There are so many options when it comes to inheritance tax [IHT] planning but one of the main reasons that clients do not want to plan is the fear of giving away capital that may be needed in the future if their circumstances change.
One option that may suit some clients is the Wealth Preservation Account, which allows a lump sum to be invested into a series of policies, each with a maturity date and on maturity the Trustees can pay the maturity benefits to the settlor.
In a nutshell the benefits are:
• Provides flexible payments to supplement your client’s income.
• The tax efficient growth of an investment based on the Isle of Man for a UK resident is similar to that of a pension or ISA as any growth achieved in the Account is not subject to the UK tax regime. UK tax may apply when any profit is brought back into the UK.
• IHT efficiency with the amount invested being outside of the estate after seven years and the growth from day one.
• The trustees can make payments to other people if required, for example for a grandchild’s education fees.
Here’s the technical details:
The Wealth Preservation Trust allows the settlor to invest a lump sum into a cluster of specific term life insurance policies. Each policy will confer a death benefit and a maturity benefit.
The policy may be surrendered in whole (but not in part) at any time. Each policy will also have an extension option, to extend the term (once or more than once, if required).
The maturity dates will be sequential (they will coincide with the commencement date of the policy) and they will begin on the anniversary date chosen by the Settlor. It is also possible to have more than one policy in the cluster mature on the same maturity date. At which time the original value of the invested policy can be paid to the settlor.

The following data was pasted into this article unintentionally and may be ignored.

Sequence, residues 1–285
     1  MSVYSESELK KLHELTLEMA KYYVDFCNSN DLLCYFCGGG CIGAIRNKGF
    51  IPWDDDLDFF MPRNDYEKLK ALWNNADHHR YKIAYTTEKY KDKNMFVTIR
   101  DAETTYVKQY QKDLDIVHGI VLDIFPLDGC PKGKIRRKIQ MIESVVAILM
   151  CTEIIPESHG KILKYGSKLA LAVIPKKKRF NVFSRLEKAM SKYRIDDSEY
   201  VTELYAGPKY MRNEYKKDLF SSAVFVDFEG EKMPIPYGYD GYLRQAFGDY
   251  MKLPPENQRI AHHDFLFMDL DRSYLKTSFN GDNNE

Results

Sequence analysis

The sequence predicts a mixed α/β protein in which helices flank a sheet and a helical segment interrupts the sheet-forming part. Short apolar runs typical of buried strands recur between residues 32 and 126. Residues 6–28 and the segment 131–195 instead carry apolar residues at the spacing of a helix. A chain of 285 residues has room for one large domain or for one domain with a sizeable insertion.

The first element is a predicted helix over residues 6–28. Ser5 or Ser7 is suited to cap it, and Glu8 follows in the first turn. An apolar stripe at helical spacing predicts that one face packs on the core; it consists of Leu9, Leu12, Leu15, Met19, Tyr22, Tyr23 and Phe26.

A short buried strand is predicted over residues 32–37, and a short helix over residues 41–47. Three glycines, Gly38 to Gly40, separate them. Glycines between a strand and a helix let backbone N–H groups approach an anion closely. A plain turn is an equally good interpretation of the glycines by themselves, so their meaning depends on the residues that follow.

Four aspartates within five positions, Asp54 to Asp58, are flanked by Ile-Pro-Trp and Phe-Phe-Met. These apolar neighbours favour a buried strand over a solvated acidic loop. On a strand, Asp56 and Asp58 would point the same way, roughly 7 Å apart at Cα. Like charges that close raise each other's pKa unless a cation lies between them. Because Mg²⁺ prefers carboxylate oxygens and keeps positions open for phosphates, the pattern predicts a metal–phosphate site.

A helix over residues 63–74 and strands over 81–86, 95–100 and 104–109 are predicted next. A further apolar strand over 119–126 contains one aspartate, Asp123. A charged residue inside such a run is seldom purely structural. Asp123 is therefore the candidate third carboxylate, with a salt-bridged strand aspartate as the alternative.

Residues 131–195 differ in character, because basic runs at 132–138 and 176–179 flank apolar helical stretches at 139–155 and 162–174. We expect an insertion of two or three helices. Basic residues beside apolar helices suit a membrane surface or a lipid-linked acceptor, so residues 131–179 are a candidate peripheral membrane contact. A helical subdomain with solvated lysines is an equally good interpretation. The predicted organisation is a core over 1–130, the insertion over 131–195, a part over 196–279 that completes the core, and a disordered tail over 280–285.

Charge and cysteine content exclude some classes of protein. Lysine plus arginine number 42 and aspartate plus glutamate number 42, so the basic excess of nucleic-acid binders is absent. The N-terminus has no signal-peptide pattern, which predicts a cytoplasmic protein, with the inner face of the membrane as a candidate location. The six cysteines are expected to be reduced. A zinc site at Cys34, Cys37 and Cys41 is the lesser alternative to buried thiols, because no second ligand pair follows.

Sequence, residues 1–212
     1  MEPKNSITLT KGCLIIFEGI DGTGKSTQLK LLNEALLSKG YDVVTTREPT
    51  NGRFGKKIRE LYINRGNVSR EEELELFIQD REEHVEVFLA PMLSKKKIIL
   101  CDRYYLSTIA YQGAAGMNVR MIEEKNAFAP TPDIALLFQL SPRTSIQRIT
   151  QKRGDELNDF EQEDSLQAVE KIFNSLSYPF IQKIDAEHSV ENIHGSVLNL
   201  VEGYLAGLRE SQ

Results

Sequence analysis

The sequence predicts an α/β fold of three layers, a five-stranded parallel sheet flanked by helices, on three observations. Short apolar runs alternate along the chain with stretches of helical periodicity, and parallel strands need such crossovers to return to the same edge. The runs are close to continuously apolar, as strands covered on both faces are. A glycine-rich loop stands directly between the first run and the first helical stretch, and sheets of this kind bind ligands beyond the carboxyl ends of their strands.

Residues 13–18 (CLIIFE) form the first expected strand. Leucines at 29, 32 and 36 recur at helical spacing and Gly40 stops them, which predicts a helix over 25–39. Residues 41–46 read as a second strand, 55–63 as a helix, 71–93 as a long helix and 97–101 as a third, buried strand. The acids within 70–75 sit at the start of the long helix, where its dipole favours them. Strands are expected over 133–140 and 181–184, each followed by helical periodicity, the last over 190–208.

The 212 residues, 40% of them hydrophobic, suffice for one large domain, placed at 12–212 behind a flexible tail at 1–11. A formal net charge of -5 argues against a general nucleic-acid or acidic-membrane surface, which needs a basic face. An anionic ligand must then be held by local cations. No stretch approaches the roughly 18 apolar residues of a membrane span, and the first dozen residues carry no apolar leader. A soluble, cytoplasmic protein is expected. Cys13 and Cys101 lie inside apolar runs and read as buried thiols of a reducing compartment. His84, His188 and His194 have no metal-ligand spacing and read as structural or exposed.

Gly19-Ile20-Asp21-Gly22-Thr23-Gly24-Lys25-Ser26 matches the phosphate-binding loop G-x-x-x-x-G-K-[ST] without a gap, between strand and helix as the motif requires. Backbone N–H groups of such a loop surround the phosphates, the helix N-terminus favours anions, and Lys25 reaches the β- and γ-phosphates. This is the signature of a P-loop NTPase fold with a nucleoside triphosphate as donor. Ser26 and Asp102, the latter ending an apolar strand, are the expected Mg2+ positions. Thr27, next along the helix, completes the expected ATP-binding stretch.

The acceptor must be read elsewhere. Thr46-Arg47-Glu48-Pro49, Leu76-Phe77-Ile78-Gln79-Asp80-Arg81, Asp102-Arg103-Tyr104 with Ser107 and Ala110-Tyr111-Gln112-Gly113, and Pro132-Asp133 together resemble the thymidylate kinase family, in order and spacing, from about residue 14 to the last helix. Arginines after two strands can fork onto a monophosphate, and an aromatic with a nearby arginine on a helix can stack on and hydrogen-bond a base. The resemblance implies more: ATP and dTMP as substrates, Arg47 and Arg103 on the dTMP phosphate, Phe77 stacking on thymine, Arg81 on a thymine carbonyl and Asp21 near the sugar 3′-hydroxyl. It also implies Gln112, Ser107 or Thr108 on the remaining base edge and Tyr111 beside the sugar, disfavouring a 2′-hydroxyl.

The Settlor will take out the policies and immediately assign the legal title to the policies to the trustees of a bare trust (the ‘Initial Trust’). At outset, the trustees of the Initial Trust will be the Settlor and one other individual.
The day after the legal title to each policy has been assigned absolutely to the trustees of the Initial Trust, the Settlor will irrevocably assign all his beneficial interest in each of the rights, powers and privileges conferred by and the benefits payable under each policy to the trustees of a settlement, who will hold the same upon the trusts of that settlement (the ‘Settlement’).
The Settlement will confer a series of discretionary trusts in favour of chosen beneficiaries (the ‘Beneficiaries’). The Settlor (but not their spouse, widow(er) or civil partner) will be expressly precluded from being or becoming a beneficiary.
The beneficial interests in the rights, powers and privileges conferred by and the benefits payable under each policy will be held by the trustees of the Settlement on a separate discretionary trust, with its own trust period (each, a ‘Sub-Trust’).
There will be no restriction on the trustees of the Settlement directing the trustees of the Initial Trust to surrender in whole the rights conferred by one or more of the policies whilst the policies are in force. The Settlor will not be able to benefit from the proceeds of surrender of any of the policies.